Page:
Scott Brown and the critics ctd.
There are many things about Larison’s response to my post on Scott Brown that I agree with and a few things that I find quite puzzling. Larison is correct that Brown’s op-ed lacked any substantive plan to reduce the federal debt or cut spending. He was also right to note that this was an op-ed appearing one week prior to the election. If I had to guess, I imagine a study which sampled all candidate op-ed’s published one week prior to elections would reveal that a very small percentage of them told people things they didn’t want to hear.
That is not exactly an excuse for Brown’s lack of substance or creativity, but it is hardly damning to point to an op-ed which promises tax cuts, opposes future spending, and doesn’t really do much else coming from a Republican. He’s rallying what little base Republicans have in Massachusetts – and trying to define the gap between his policies and Martha Coakley’s.
Brown is, after all, anything but a die-hard conservative. He’s a liberal Republican, as most Massachusetts Republicans are – and have to be in order to have any hope there electorally. Larison claims that Brown wants it both ways on healthcare reform – backing RomneyCare while at the same time opposing the very similar bill in Congress. I don’t know what his motivations are – whether it is pure Romney-esque cynicism or whether it is an expression of federalism, and I wish he’d go into further detail on the matter – but I imagine it is more an expression of federalism than pure politicking. It is hardly inconsistent for a conservative to support local or state programs while opposing big federal programs after all.
Moreover, while Brown may be less than an ideal candidate in many ways, it is hard to fathom how he is anywhere near as bad as his opponent on any of a wide range of issues. Naturally, I would have preferred that he had lifted a few ideas from Bruce Bartlett, who is one of the only voices on the right coming up with substantive fiscal ideas for the coming decade- but this sort of thing is rare even among the best politicians in the days leading up to a vote. The problem may be that there are too many Scott Brown’s and too few Ron Paul’s in the realm of political ideas – too many boilerplate peddlers and too few Bruce Bartlett’s. For every Jeff Flake there are a dozen John Boehners. I’m obviously not thrilled by this, but it’s hardly surprising.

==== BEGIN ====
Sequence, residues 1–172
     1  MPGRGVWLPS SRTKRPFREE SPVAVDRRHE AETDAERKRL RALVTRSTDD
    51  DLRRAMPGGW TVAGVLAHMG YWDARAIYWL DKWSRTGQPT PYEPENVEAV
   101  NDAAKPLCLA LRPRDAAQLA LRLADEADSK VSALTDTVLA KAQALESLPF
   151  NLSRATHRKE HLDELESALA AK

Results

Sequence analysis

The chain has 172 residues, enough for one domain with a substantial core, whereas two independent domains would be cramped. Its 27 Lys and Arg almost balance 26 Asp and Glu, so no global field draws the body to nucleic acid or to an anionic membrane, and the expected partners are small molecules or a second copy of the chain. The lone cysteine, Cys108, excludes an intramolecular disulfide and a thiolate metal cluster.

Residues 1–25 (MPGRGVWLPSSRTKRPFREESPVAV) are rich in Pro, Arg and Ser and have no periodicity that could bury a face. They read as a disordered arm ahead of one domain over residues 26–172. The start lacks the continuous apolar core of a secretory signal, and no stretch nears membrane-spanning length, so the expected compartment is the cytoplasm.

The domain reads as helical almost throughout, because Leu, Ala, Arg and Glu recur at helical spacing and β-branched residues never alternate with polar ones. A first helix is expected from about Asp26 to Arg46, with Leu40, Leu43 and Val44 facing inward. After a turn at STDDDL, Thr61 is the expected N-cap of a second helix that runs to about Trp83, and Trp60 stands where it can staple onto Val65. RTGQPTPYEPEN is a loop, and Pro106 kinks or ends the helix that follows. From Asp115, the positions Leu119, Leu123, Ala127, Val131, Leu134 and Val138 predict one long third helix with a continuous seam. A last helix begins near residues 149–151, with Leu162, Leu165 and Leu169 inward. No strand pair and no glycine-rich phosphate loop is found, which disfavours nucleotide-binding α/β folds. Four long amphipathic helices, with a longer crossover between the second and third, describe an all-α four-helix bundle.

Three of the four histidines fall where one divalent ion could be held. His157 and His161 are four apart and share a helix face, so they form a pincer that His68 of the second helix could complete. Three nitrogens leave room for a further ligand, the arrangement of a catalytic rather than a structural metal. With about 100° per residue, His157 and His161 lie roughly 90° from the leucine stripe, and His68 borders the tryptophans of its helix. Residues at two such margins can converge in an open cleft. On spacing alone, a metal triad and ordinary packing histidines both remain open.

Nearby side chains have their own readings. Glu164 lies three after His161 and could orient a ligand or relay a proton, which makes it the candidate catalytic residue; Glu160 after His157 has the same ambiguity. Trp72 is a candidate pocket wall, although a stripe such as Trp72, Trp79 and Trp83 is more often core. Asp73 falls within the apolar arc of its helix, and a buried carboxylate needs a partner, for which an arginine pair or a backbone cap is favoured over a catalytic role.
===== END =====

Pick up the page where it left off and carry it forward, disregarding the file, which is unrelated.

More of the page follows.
Setting all that aside for a moment, this line puzzled me the most:
Where I think the charge of “Romney-like cynicism” sticks is in Brown’s desire to have it both ways on health care. He voted for MassCare, which means that he endorsed the state’s individual insurance mandate, and now that he is trying to leave town he makes noises about controlling cost, which was something the legislature did not even attempt to address when the bill passed. Controlling cost is something a system with a universal mandate cannot do. [emphasis added]
There are a number of countries which have attained both universal coverage and far better cost-containment than ours which have relied heavily upon the individual mandate. The Netherlands requires its citizens to buy private insurance at a fraction of the cost Americans pay, and uses a system of reinsurance and regulated markets to ensure that costs remain low and everyone remains covered. Without the mandate the system would capsize. Indeed, many health care experts will tell you that without a mandate, cost-containment becomes much more difficult because it allows healthy people to opt-out of the insurance pool until they become sick.
This is one of the more serious flaws with the Senate HCR bill. Its mandate is far too weak, allowing healthy people to pay a trivial fine until they become sick whereupon they can simply purchase insurance from a provider who is legally bound to sell it to them. This sort of weak mandate will do a far worse job at containing costs than a strong mandate. Likewise, excluding illegal immigrants from the mandate and the exchanges will further exacerbate the difficulty at cost-containment, and prolong the very expensive practice of treating patients in emergency rooms rather than at preventative primary care facilities.
Rather than promise to filibuster health reform, I wish Brown would bring some of the experience he has had with Massachusetts reform to the table and work to strengthen the bill. That he will not is my only sticking point against Brown, but it is a very substantial sticking point.